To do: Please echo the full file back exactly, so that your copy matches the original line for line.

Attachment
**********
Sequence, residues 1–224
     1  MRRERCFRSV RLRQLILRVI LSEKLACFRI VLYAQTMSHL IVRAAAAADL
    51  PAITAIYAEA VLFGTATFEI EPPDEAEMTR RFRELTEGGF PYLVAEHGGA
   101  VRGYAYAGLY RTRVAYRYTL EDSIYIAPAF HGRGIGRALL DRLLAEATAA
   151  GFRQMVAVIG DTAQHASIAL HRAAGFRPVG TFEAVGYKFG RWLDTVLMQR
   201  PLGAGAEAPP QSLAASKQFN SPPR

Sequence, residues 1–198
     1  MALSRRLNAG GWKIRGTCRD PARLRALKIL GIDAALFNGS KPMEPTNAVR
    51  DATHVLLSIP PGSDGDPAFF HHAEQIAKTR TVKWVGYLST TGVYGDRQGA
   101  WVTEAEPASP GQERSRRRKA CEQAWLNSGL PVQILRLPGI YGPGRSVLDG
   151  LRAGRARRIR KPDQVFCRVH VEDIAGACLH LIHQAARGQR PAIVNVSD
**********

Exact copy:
Sequence, residues 1–224
     1  MRRERCFRSV RLRQLILRVI LSEKLACFRI VLYAQTMSHL IVRAAAAADL
    51  PAITAIYAEA VLFGTATFEI EPPDEAEMTR RFRELTEGGF PYLVAEHGGA
   101  VRGYAYAGLY RTRVAYRYTL EDSIYIAPAF HGRGIGRALL DRLLAEATAA
   151  GFRQMVAVIG DTAQHASIAL HRAAGFRPVG TFEAVGYKFG RWLDTVLMQR
   201  PLGAGAEAPP QSLAASKQFN SPPR

Sequence, residues 1–198
     1  MALSRRLNAG GWKIRGTCRD PARLRALKIL GIDAALFNGS KPMEPTNAVR
    51  DATHVLLSIP PGSDGDPAFF HHAEQIAKTR TVKWVGYLST TGVYGDRQGA
   101  WVTEAEPASP GQERSRRRKA CEQAWLNSGL PVQILRLPGI YGPGRSVLDG
   151  LRAGRARRIR KPDQVFCRVH VEDIAGACLH LIHQAARGQR PAIVNVSD